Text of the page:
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Opchat Magazine General NewsGeneral News, July to September 2017

 


KAOS: New advertising campaign for 2017.
Katy Perry on tour with Mykita.
Special Delivery for National Eye Health Week!
GOC suspends Essex-based dispensing optician.
Diabetes Scotland and RNIB Scotland join forces to promote vital eye screening for people with diabetes.
New bill to improve patient safety from DoH and The Rt Hon Jeremy Hunt MP.
9 in 10 people aged over 40 are not aware of the help available for people suffering from low vision.
Daily lives of one million Brits blighted by avoidable sight loss.
Association of Optometrists welcomes Honorary Associates.
Tackling illegal contact lens sales.
Wolverhampton toddler loves her new glasses, but many children will return to school without the right prescription.
BLACKFIN –SILMO 2017 PREVIEW
BRANDO to relaunch Phillipe Chevalier at SILMO 2017
Norville Opticians gets on it’s bike for Keynsham in Bloom.
Shamir asks? Have you got the BEST DRESSED STORE?
AAO’s provide public information of upcoming Total Eclipse across the States on August 21st.
Usain Bolt in training for last appearance.
Enjoy Summer with our Selfie Competition, show your Attitude! ®
Blackfin in Lajatico with Andrea Bocelli at the “Teatro del Silenzio”
Are screens hurting my child’s eyes? AOP produces the answer.
Win BIG with Shamir’s new Scratch Card Campaign!
New page devoted to your comments and suggestions, criticisms and constructive ideas to improve the Optical Sector on PHN.

KAOS: New advertising campaign for 2017.

September 2017

Kaos KK421

 

A veritable explosion of colours is at the heart of the new advertising campaign from KAOS, the youthful, irreverent brand belonging to Area98.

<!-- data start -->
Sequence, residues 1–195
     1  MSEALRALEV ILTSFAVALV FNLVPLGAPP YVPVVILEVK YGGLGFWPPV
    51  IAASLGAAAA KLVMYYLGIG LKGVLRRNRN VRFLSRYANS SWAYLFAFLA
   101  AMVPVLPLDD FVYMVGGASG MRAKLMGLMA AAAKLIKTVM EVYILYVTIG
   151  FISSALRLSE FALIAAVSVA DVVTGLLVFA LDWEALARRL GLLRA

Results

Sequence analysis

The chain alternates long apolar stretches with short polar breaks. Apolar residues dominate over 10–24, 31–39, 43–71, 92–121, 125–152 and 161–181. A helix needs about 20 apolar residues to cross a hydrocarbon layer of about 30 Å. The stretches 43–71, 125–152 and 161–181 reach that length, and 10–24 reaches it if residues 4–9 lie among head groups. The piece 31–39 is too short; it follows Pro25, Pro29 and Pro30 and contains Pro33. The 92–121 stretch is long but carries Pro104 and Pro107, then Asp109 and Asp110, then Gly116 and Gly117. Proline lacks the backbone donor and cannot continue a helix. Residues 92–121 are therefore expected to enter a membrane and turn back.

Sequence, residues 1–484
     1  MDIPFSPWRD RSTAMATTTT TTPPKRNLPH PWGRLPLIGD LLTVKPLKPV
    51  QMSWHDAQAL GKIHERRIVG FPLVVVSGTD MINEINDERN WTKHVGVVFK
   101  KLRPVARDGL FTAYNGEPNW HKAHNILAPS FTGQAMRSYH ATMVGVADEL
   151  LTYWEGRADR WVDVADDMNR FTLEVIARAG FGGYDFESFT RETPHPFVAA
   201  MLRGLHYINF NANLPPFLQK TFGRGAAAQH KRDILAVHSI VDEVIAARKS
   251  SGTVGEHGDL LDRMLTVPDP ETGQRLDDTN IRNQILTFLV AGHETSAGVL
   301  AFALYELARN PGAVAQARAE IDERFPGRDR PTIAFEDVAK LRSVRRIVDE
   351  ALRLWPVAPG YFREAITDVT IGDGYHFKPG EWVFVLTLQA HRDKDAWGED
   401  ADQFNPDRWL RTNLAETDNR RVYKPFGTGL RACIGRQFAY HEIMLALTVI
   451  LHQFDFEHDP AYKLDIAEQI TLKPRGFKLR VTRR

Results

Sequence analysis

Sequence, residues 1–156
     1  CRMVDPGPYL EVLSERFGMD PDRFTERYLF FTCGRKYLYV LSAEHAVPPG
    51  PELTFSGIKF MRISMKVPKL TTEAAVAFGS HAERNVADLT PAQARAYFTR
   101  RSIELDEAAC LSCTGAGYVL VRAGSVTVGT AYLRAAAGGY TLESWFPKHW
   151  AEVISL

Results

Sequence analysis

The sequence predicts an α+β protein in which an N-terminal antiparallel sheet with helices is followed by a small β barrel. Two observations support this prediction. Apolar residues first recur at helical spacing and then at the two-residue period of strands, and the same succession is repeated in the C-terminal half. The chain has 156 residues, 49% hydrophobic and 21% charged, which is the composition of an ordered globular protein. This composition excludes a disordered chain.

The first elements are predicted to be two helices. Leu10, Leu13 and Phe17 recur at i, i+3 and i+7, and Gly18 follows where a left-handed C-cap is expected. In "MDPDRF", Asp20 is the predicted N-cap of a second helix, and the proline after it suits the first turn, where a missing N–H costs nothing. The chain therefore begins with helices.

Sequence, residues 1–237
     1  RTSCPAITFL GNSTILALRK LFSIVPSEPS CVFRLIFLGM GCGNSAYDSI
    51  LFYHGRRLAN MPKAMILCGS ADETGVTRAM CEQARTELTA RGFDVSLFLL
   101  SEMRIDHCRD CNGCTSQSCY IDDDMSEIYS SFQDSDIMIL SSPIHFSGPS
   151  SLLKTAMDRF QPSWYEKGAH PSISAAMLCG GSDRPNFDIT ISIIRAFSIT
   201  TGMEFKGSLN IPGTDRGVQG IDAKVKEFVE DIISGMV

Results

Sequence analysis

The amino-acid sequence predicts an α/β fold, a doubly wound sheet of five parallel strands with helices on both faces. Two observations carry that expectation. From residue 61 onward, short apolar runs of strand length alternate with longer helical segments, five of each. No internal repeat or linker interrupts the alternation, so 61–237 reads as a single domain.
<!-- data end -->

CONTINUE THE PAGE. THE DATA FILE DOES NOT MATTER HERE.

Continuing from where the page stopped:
All of the ingredients that have made KAOS a success – creativity, transgression, passion and energy – are channelled by the new images, which showcase a gritty, vibrant collection designed for bold personalities who feed off strong emotions.

The decorations on the frames – which are always unusual and sometimes border on the risky – are underlined by exuberant colours which reflect in the details of the faces photographed, giving life to an innovative, extravagant form of expression, and one that most certainly does not fit the mould.

 

A melting pot of unexpected sensations is sparked by the playful colour contrasts, evoking the unmistakeable “apparent chaos” which represents the brand’s core inspiration.

 

In fact, KAOS is more than a simple collection. It is an identity which loves to have fun, to play around with colours and form and to experiment with excess, without ever compromising on quality and fashion. KAOS conveys emotions because it penetrates right to your very instincts thanks to its bold, stimulating style.

Katy Perry on tour with Mykita.

September 2017

Katy Perry on tour

 

Katy Perry opens her new show 'Witness: The Tour' at Montreal's Bell Centre wearing sunglass DAISUKE.

 

The Cobalt Blue with Navy Solid Shield lenses is a sunglass visor made of MYLON from the MYKITA & BERNHARD WILLHELM collection.

 

 

 

 

Special Delivery for National Eye Health Week!

September 2017

Letter message from Royal MailEye health message to be applied to millions of stamped letters and parcels delivered across the UK

Royal Mail and Eye Health UK, the charity responsible for National Eye Health Week, are joining forces to promote the importance of good eye health to millions of households across the UK, with a postmark.

The special National Eye Health Week postmark will appear on all stamped mail delivered by Royal Mail between 21 – 23 September 2017.

It’s hoped the postmark will not only be seen by millions, but also encourage people to think about their eyes and how much they rely on good vision to do everyday things like reading their mail!


(Example of how postmark will appear right)

Commenting on the collaboration David Cartwright, Chairman of Eye Health UK said: “One million people in the UK suffer with avoidable sight loss that makes doing things like reading difficult, or even, impossible. We hope that when this message drops through people’s letter boxes and raises awareness of the Week it will prompt them to take action to ensure their eyes and vision stay healthy.”